Alana Semuels

Alana Semuels

Alana Semuels is a staff writer at The Atlantic. She was previously a national correspondent for the Los Angeles Times.

A line of homeless people wait for food in Charlotte

Why It's So Hard to Get Ahead in the South

Compared to kids elsewhere in the country, poor children in Charlotte and other Southern cities have the lowest odds of making it to the top income bracket. Why?

Is Economic Despair What's Killing Middle-Aged White Americans?

Two Princeton economists elaborate on their work exploring rising mortality rates among certain demographics.

When Factory Jobs Vanish, Men Become Less Desirable Partners

Declines in manufacturing employment are shaping the structure of the American family.

How Charlotte's Nasty Early 1900s Politics Paved the Way for a Century of Segregation

During the late 19th century, blacks and whites in the South lived closer together than they do today.

How Norwegians and Americans See Inequality Differently

According to a recent study, the former are much less comfortable with luck determining well-being.

What RVs Say About the American Economy

Sales of mobile homes are a good data point for inferring the mood of consumers.

The End of Public Transit?

Start-ups are proving more efficient than government in areas like transportation. Should some services be privatized?

An Unsteady Future for New England's Suburbs

As people move to warmer climates and cities, small towns throughout the region are weathering decline.

The Racist History of Portland, the Whitest City in America

It’s known as a modern-day hub of progressivism, but its past is one of exclusion.  

Segregation Holds On in the Twin Cities

Once known for their inclusiveness, Minneapolis and St. Paul have become more divided in recent decades.

The Near Impossibility of Moving Up After Welfare

In the wake of welfare reform, unemployed people are pushed to quickly find work, any work. But too often those jobs lead nowhere.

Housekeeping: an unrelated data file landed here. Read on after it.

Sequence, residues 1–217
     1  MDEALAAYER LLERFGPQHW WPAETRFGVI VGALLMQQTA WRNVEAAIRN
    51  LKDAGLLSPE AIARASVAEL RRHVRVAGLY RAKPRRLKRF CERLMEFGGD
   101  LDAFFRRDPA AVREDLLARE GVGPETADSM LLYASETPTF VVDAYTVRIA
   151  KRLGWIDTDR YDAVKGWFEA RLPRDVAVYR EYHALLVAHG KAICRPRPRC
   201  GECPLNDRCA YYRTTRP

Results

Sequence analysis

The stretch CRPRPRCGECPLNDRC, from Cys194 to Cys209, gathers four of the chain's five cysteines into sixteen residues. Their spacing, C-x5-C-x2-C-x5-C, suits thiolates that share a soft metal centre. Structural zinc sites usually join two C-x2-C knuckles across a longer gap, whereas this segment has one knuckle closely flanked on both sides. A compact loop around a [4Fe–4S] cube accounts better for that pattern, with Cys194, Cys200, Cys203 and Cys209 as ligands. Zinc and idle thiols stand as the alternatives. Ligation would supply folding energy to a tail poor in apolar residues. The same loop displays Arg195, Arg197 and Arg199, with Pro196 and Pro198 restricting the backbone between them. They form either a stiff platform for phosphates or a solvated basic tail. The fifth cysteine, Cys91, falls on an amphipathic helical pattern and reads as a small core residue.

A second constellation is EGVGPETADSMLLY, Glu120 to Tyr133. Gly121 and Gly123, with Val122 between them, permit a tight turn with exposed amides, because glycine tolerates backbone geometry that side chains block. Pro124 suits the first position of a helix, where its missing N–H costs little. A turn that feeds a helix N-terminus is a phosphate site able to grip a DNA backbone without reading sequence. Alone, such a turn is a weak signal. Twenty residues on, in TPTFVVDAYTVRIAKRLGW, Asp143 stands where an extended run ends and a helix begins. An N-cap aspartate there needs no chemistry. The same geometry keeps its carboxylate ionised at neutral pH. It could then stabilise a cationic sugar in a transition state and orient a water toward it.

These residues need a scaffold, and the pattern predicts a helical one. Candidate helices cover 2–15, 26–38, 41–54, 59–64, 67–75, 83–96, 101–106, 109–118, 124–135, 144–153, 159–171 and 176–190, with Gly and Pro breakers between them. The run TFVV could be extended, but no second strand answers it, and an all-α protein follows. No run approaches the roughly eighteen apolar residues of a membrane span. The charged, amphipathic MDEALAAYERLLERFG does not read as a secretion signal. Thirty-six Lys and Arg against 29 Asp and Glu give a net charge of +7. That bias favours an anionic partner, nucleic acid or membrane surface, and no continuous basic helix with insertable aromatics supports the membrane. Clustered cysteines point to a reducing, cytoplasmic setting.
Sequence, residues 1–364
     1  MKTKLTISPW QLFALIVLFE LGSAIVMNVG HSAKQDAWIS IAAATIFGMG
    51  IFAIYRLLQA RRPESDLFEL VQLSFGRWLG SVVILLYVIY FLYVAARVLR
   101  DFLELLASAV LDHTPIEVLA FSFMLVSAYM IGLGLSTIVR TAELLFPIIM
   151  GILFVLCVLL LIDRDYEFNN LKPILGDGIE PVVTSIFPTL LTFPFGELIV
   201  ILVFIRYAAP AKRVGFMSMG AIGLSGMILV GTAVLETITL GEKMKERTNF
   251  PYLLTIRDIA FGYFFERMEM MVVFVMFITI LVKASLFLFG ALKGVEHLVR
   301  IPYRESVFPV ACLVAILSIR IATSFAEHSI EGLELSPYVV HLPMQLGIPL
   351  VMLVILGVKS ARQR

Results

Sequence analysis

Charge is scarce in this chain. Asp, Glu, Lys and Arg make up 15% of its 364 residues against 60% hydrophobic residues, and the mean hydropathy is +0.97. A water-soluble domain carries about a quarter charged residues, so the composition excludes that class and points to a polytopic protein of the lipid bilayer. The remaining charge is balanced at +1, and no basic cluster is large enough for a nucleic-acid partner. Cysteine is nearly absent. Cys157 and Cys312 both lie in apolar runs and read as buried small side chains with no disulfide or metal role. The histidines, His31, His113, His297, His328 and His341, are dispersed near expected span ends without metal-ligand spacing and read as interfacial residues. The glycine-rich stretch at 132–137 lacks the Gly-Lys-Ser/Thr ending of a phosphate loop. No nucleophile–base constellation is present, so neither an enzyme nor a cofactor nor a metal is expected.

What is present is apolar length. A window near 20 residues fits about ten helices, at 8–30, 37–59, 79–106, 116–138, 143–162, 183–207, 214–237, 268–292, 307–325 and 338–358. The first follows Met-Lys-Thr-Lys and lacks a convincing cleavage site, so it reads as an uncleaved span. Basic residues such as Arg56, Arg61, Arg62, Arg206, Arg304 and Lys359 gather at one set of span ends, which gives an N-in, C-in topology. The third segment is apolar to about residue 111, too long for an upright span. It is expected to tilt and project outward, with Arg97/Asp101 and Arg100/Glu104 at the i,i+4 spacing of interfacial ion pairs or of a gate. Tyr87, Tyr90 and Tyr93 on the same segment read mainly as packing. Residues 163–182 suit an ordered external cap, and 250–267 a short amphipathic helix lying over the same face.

The Uncertain Future of a Middle-Class Stronghold

As incomes fall across the nation, even better-off areas like Sheboygan County, Wisconsin, are faltering.

No Driver's License, No Job?

Conservative policymakers urge those in need to get work. But for those without driver’s licenses—who are by and large people of color—that’s not such an easy task.

The Graying of Rural America

As young people increasingly move to cities, what happens to the people and places they leave behind?

The Artist Loft: Affordable Housing for White People?

Does this type of tax-subsidized apartment perpetuate segregation?

Can Portland Avoid Repeating San Francisco's Mistakes?

The city is facing a housing crisis, but despite its progressive reputation, it’s done little to ensure affordability for longtime residents.

How Segregation Has Persisted in Little Rock

Nearly 60 years after the integration of Central High, the city’s schools are still divided by race.

Why Promising Students Struggle to Escape Poverty

Researchers tracked hundreds of students in Baltimore to find out what top achievers had that others didn’t.

The U.S. Cities Doubling Down on Highways

Physically expanding roads doesn't cure congestion. So why are places like Arkansas spending millions to do just that?

The U.S. Neighborhoods Without Water, Sewers, or Building Codes

Low-income residents bought cheap land outside of border cities decades ago. But the promised infrastructure never came.